The man, then, would have sown the seed, and the woman received it, as need required, the generative organs being moved by the will, not excited by lust. For we move at will not only those members which are furnished with joints of solid bone, as the hands, feet, and fingers, but we move also at will those which are composed of slack and soft nerves: we can put them in motion, or stretch them out, or bend and twist them, or contract and stiffen them, as we do with the muscles of the mouth and face. The lungs, which are the very tenderest of the viscera except the brain, and are therefore carefully sheltered in the cavity of the chest, yet for all purposes of inhaling and exhaling the breath, and of uttering and modulating the voice, are obedient to the will when we breathe, exhale, speak, shout, or sing, just as the bellows obey the smith or the organist. I will not press the fact that some animals have a natural power to move a single spot of the skin with which their whole body is covered, if they have felt on it anything they wish to drive off,—a power so great, that by this shivering tremor of the skin they can not only shake off flies that have settled on them, but even spears that have fixed in their flesh. Man, it is true, has not this power; but is this any reason for supposing that God could not give it to such creatures as He wished to possess it? And therefore man himself also might very well have enjoyed absolute power over his members had he not forfeited it by his disobedience; for it was not difficult for God to form him so that what is now moved in his body only by lust should have been moved only at will.
We know, too, that some men are differently constituted from others, and have some rare and remarkable faculty of doing with their body what other men can by no effort do, and, indeed, scarcely believe when they hear of others doing. There are persons who can move their ears, either one at a time, or both together. There are some who, without moving the head, can bring the hair down upon the forehead, and move the whole scalp backwards and forwards at pleasure. Some, by lightly pressing their stomach, bring up an incredible quantity and variety of things they have swallowed, and produce whatever they please, quite whole, as if out of a bag. Some so accurately mimic the voices of birds and beasts and other men, that, unless they are seen, the difference cannot be told. Some have such command of their bowels, that they can break wind continuously at pleasure, so as to produce the effect of singing. I myself have known a man who was accustomed to sweat whenever he wished. It is well known that some weep when they please, and shed a flood of tears. But far more incredible is that which some of our brethren saw quite recently. There was a presbyter called Restitutus, in the parish of the Calamensian 758 Church, who, as often as he pleased (and he was asked to do this by those who desired to witness so remarkable a phenomenon), on some one imitating the wailings of mourners, became so insensible, and lay in a state so like death, that not only had he no feeling when they pinched and pricked him, but even when fire was applied to him, and he was p. 281 burned by it, he had no sense of pain except afterwards from the wound. And that his body remained motionless, not by reason of his self-command, but because he was insensible, was proved by the fact that he breathed no more than a dead man; and yet he said that, when any one spoke with more than ordinary distinctness, he heard the voice, but as if it were a long way off. Seeing, then, that even in this mortal and miserable life the body serves some men by many remarkable movements and moods beyond the ordinary course of nature, what reason is there for doubting that, before man was involved by his sin in this weak and corruptible condition, his members might have served his will for the propagation of offspring without lust? Man has been given over to himself because he abandoned God, while he sought to be self-satisfying; and disobeying God, he could not obey even himself. Hence it is that he is involved in the obvious misery of being unable to live as he wishes. For if he lived as he wished, he would think himself blessed; but he could not be so if he lived wickedly.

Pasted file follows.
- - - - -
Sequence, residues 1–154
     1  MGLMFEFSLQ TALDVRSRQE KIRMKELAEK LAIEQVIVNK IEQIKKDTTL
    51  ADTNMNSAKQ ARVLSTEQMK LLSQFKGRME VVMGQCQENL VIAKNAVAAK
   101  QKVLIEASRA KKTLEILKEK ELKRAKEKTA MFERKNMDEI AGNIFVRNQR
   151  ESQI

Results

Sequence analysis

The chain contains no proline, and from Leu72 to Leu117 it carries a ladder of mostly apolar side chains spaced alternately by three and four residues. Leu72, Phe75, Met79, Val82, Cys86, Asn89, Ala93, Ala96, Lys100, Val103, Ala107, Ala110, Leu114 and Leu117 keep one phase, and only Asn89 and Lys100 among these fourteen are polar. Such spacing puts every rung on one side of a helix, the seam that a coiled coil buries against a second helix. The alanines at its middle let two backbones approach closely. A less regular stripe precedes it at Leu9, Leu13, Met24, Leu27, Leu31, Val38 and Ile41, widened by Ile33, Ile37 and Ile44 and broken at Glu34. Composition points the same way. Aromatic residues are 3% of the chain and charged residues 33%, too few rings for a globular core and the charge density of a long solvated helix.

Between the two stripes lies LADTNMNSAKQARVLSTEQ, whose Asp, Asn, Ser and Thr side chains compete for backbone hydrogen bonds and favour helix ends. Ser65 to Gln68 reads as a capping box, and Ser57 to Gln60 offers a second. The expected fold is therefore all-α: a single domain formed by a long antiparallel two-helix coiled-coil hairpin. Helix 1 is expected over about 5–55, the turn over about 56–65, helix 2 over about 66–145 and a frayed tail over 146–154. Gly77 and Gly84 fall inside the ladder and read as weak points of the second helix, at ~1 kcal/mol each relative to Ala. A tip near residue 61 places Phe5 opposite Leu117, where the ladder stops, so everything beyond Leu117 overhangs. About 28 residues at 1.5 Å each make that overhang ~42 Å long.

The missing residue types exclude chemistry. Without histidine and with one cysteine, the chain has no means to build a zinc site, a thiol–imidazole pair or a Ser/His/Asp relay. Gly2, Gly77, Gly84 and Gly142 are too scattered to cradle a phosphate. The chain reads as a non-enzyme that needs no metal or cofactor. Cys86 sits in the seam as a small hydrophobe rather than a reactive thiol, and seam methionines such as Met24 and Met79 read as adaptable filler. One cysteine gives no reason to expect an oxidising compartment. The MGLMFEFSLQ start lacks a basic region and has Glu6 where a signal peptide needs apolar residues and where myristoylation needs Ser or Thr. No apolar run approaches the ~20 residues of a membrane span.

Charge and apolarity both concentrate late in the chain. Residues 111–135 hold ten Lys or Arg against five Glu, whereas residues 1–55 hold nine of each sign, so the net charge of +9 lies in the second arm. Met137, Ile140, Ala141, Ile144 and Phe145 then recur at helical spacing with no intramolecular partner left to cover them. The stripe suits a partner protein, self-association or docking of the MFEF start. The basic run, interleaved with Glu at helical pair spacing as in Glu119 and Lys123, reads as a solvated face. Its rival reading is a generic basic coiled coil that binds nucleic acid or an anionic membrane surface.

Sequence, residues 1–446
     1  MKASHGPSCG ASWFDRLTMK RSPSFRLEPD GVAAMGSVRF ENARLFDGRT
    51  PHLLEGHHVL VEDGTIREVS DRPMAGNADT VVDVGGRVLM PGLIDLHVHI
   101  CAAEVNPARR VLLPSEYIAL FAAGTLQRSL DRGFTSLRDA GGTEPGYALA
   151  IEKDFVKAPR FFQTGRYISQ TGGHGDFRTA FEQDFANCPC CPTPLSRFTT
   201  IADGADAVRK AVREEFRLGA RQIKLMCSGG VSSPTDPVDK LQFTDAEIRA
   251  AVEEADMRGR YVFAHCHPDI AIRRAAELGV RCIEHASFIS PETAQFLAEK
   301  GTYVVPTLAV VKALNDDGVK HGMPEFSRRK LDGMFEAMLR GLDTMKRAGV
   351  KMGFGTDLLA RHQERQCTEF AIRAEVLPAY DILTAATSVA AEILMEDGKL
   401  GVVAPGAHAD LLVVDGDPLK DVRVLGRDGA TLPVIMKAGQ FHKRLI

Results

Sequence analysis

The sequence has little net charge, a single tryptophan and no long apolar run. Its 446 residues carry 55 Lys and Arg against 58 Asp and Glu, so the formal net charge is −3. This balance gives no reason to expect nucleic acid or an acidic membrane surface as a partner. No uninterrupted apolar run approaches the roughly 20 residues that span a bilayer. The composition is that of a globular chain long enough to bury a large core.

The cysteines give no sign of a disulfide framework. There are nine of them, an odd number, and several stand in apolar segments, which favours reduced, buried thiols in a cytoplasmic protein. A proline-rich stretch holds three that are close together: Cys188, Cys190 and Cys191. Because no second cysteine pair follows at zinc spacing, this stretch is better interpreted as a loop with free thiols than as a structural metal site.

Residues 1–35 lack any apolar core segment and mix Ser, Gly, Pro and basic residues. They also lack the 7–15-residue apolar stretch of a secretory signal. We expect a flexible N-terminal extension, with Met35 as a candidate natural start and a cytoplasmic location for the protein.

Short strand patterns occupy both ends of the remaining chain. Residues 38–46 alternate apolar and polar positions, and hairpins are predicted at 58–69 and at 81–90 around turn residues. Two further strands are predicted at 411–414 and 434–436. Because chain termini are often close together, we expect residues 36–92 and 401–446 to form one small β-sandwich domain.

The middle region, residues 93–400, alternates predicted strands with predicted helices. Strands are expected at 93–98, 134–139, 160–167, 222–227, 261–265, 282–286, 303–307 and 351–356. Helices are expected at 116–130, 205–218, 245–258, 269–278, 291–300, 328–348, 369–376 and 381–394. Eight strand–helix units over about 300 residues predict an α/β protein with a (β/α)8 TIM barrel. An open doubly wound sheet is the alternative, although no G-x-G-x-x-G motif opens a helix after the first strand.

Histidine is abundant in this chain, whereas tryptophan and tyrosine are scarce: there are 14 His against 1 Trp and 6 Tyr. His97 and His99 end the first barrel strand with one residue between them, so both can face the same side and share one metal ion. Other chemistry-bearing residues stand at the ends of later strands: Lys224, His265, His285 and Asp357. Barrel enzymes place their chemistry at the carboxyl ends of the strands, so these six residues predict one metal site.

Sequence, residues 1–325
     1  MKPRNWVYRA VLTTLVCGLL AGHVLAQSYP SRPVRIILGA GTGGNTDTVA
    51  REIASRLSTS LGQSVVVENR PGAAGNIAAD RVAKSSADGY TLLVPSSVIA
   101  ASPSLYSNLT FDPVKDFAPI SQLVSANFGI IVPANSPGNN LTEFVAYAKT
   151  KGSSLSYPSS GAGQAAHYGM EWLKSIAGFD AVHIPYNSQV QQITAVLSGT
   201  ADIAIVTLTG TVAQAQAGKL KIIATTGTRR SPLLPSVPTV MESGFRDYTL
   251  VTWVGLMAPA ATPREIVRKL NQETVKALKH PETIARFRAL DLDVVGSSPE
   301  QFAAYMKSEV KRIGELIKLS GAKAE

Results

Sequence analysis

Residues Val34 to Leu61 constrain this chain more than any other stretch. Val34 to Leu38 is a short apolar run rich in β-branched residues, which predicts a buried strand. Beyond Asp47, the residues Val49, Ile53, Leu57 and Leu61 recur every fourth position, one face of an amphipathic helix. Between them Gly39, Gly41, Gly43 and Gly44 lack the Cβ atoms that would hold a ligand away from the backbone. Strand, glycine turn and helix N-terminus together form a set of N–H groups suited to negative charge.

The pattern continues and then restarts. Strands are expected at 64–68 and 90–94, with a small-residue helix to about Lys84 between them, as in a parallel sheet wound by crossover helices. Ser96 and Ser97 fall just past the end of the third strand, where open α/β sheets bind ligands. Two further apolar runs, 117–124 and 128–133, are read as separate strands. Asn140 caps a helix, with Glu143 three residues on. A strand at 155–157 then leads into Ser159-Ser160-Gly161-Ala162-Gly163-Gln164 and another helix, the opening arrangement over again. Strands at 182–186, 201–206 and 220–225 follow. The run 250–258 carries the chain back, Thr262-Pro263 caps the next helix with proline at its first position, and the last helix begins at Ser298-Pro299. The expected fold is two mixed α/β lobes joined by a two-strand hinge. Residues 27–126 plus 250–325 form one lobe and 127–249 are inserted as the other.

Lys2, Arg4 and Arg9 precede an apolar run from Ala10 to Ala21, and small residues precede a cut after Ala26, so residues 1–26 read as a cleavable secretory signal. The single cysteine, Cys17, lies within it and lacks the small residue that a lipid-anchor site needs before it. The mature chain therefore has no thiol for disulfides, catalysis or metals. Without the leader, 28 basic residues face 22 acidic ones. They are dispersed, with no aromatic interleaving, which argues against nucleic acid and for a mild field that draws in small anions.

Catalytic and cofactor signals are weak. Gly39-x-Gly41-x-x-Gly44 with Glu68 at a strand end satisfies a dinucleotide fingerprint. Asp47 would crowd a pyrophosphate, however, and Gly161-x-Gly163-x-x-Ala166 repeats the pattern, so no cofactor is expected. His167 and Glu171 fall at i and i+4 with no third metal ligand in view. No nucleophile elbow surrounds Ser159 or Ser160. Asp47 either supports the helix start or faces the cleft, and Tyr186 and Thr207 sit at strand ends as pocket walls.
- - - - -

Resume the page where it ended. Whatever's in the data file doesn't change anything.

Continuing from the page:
The position of Calama is described by Augustin as between Constantine and Hippo, but nearer Hippo.—Contra I.it. Petil. ii. 228. A full description of it is given in Poujoulats Histoire de S. Augustin, i. 340, who says it was one of the most important towns of Numidia, eighteen leagues south of Hippo, and represented by the modern Ghelma. It is to its bishop, Possidius, we owe the contemporary Life of Augustin.
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